BZ: I am really happy with where I’m at right now and don’t foresee making any industry changes anytime soon. I love working for a company where I am a consumer myself and feel passionate about the products we are marketing and putting out into the world.
BE: I am happy where I am! Fashion is a great industry full of amazing and talented creatives. It’s also really cool to be involved in an industry that I hold so near and dear to my heart! Clothes are a really powerful medium for self-expression that I have grown to really love. It was something that helped me find my inner confidence, so being able to engage with the industry is amazing. It was a powerful feeling to go from critiquing fashion apps and websites as I shop to actually creating them. All that said, oh my goodness, of course I am interested in other industries. There are so many things I would like to try. I love plants. I have 43 of them, so the obvious first choice would be horticulture (I actually did apply to a lot of plant retail websites when I was job hunting). Other industries that would be fun to experience would be video games, food/cooking, or even environmental work.
At this point in your life, what would be your dream job?
BZ: My dream job is to be a creative director. I imagine it is fun and fulfilling to bring a brand to life and have ownership of evolving its design vision.
BE: I’ve always been enamored by photography. I would love to be able to shoot for a brand like National Geographic. Being able to explore and photograph our beautiful and diverse planet is a dream I’ve already started on, so it would truly never feel like work.
Which of the pieces that you’ve worked on is your favorite?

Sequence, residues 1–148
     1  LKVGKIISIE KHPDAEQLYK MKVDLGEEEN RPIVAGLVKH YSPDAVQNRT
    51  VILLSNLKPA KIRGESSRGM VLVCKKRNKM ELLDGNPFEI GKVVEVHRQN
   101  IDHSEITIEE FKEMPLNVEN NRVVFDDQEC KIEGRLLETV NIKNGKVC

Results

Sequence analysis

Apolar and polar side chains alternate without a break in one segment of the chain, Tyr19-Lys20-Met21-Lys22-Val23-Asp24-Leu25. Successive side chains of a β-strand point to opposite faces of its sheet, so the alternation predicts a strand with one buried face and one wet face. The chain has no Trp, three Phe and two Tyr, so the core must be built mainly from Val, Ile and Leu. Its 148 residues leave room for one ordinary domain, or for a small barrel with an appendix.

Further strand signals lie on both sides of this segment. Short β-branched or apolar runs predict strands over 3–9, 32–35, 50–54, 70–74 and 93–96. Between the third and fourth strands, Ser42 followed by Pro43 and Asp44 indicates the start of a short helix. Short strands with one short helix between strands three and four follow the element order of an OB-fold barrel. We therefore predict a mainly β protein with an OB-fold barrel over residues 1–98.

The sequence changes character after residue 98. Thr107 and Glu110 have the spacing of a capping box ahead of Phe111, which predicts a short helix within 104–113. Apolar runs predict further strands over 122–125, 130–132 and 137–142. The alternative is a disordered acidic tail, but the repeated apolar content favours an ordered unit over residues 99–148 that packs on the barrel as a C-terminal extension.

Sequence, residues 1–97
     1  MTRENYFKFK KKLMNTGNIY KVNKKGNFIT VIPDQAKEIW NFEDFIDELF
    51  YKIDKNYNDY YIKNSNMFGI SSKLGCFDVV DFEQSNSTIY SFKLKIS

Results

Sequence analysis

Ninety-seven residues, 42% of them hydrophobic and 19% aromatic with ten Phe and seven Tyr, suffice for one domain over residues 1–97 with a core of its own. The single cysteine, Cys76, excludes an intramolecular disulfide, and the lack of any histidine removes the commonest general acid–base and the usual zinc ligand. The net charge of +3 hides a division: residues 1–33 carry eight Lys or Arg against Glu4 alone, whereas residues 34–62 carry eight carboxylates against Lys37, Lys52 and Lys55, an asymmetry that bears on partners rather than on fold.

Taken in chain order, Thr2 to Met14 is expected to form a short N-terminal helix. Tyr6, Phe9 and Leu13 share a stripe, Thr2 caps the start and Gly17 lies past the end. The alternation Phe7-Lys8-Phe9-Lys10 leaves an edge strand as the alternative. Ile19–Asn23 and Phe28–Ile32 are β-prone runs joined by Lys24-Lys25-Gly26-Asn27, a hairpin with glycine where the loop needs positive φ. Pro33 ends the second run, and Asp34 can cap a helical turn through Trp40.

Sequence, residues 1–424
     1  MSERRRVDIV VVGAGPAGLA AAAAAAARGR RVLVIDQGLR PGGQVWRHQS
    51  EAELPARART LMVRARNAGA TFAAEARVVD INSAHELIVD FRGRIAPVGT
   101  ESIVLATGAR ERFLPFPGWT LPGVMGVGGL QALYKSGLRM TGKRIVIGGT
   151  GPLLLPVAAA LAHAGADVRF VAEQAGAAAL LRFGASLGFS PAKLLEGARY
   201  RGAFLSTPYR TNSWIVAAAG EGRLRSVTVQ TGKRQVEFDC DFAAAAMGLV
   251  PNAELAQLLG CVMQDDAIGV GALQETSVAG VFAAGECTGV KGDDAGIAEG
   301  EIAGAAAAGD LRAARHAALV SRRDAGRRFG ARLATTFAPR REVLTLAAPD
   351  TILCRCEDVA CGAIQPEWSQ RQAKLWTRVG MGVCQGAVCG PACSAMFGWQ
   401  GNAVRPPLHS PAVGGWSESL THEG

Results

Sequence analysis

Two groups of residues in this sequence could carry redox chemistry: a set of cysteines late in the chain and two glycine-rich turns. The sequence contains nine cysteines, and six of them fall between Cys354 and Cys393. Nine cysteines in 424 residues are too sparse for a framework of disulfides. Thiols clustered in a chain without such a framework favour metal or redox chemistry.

BZ: The T.J. Max 2022 photoshoot. I conceptualized, designed, planned, and art directed the shoot. I had the creative freedom to play with light and shadows and use different textures to help tell the story for the season. This was my favorite project because I was able to see my vision come to life through the photography and then create designs across all channels using the assets from the photoshoot.
BE: I would say my favorite work pieces were my two activations at Google NEXT 2019 that showcased machine learning (ML) and AI.
One told the narrative of Google’s partnership with the New York Times. For this project I had the opportunity to visit what The New York Times calls “The Morgue.” This is essentially an extensive photo archive in a basement of NYC. Each photograph had scribbled notes and the associated newspaper clippings on the back. It was one of the coolest things I’ve ever seen. Coincidentally, they are developing a digital archive using Google’s ML and AI to help organize these photos after they are scanned. Once it is all digitized, it will be an easy-to-navigate and—to an extent—searchable archive.
The other activation explored Google’s collaboration with NASA and was just as interesting. Again I used Google ML and AI but this time to sort through light curves. Light curves are readings that depict the brightness of light over time on a planet. These readings are then reviewed and sorted based on the conditions of that planet, and can help identify planets that have the potential to sustain life. Manually sorting these light waves is a very slow, tedious task, but with ML/AI it takes a fraction of the time.
I love engaging with new technology. As designers we must keep up with it, because you never know how or what we will design in a year, let alone a decade!